Another benefit of real people is that they can use their judgement to intervene if someone is behaving suspiciously or they hear a noise. Much as there are many cutting-edge technologies currently available, typically when it comes to making a judgement call as to whether or not someone is cheating, human beings are hard to beat, although technologies are continuing to evolve so you should keep an eye on this space.

Often technologies will be used in conjunction with real people to enhance the level of remote invigilation provided. These can vary from facial recognition and biometric scanning (e.g. key-stroke pattern recognition, where the way you type is used like a fingerprint to identify you) through to movement tracking and scanning behavioural patterns during the exam.

At the other end of the scale are fully automated solutions and for the most part these are “record and review”, which means that candidates are recorded during their exam, then the recordings are reviewed, either by people or technology, after the event. Although typically cheaper than having people involved in the process, the upshot is that although suspicious behaviour will be identified, it is typically well after the exam has finished and there is no intervention in real-time. This might be okay for certain styles of lower-stake exams, for example, “answer as many questions as you can in one hour”. However, for higher-stakes exams, where there are a lot of security considerations around questions or case studies, it’s not really a feasible option.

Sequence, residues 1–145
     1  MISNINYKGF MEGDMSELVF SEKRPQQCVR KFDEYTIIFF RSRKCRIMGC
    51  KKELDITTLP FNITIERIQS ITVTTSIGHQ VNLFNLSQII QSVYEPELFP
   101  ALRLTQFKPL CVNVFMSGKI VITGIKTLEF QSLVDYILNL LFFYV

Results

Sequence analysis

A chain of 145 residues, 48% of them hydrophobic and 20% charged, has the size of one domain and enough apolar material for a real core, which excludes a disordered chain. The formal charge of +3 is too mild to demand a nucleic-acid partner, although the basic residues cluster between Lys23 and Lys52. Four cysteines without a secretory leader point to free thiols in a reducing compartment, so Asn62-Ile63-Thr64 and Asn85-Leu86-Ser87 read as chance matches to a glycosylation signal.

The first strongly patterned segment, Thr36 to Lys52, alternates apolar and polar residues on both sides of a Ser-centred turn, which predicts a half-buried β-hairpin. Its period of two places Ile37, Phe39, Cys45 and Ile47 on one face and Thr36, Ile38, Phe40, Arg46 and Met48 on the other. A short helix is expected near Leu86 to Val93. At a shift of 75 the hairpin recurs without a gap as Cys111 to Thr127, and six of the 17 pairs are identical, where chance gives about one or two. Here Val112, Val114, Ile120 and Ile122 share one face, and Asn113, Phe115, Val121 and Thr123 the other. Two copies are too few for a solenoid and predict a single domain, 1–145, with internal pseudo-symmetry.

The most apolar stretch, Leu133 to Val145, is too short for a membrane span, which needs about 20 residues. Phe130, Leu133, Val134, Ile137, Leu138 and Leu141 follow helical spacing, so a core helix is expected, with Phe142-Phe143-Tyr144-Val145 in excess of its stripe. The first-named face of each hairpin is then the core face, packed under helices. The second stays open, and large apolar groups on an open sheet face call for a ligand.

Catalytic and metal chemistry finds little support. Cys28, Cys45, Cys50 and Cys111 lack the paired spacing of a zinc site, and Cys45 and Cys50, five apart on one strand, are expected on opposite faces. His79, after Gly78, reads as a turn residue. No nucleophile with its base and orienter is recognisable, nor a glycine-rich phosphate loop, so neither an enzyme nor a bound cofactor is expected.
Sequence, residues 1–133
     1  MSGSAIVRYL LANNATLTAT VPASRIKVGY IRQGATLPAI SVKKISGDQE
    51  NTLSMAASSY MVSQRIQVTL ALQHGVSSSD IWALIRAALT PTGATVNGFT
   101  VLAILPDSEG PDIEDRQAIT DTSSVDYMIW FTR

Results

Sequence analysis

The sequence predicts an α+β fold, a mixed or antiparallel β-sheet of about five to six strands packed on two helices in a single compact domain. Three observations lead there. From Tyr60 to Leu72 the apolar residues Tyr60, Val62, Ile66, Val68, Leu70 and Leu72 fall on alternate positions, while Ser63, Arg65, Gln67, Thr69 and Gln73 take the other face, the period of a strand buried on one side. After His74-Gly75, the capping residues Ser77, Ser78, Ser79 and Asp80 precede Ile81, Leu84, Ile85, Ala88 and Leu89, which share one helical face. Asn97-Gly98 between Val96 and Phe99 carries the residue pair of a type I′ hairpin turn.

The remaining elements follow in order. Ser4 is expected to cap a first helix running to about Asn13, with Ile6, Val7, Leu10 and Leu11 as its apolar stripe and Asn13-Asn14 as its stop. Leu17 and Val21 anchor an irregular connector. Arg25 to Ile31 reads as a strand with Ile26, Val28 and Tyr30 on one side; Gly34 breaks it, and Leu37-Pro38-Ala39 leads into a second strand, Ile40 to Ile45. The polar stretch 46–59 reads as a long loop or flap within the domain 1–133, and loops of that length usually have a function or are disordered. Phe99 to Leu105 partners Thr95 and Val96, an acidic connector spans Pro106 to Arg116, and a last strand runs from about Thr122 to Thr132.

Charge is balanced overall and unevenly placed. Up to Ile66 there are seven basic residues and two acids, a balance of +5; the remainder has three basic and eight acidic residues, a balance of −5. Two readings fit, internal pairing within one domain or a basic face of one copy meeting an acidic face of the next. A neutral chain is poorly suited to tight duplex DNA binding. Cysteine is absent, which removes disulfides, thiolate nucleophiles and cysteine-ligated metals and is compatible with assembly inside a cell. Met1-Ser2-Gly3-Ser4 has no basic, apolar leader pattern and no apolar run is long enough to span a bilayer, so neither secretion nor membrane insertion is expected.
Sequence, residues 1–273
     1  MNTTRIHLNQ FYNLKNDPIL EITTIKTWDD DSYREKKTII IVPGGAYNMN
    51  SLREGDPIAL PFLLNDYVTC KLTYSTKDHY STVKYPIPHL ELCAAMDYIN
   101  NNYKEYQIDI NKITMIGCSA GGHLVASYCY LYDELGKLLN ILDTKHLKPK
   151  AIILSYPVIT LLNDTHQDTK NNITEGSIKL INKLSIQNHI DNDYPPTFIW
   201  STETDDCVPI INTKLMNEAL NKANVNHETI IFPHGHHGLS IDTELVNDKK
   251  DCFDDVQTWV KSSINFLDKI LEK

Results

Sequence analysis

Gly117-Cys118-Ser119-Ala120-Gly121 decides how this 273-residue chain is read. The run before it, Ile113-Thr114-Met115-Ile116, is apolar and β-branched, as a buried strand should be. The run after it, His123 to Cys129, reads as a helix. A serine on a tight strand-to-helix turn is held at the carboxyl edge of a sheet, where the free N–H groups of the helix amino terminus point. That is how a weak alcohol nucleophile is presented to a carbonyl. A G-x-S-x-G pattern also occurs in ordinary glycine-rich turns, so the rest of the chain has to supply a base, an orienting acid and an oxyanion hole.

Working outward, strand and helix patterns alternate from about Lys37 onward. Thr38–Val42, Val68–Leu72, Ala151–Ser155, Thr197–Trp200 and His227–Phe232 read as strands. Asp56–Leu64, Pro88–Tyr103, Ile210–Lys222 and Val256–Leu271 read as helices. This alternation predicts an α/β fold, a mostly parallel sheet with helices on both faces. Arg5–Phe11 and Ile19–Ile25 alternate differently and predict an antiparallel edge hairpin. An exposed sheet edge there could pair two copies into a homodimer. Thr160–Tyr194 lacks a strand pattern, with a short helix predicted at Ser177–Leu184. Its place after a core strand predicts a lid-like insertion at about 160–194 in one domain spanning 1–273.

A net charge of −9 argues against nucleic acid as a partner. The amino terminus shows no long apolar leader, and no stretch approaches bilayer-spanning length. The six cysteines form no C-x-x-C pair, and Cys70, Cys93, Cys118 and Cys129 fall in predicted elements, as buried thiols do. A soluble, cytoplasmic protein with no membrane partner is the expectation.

The other factor to consider when evaluating remote invigilation systems is how the remote invigilation is actually provided. By this I mean that often remote invigilation is offered as a “bolt-on”, so a remote invigilation system from one vendor is integrated with an assessment solution from another vendor. Although this is typically positioned as being “seamless”, issues may arise around the integration and having to correlate data from two systems, but obviously if you already have an online assessment solution it can be an attractive option. Alternatively, some assessment systems like TestReach have built in remote invigilation, where you can just turn it on for any exam.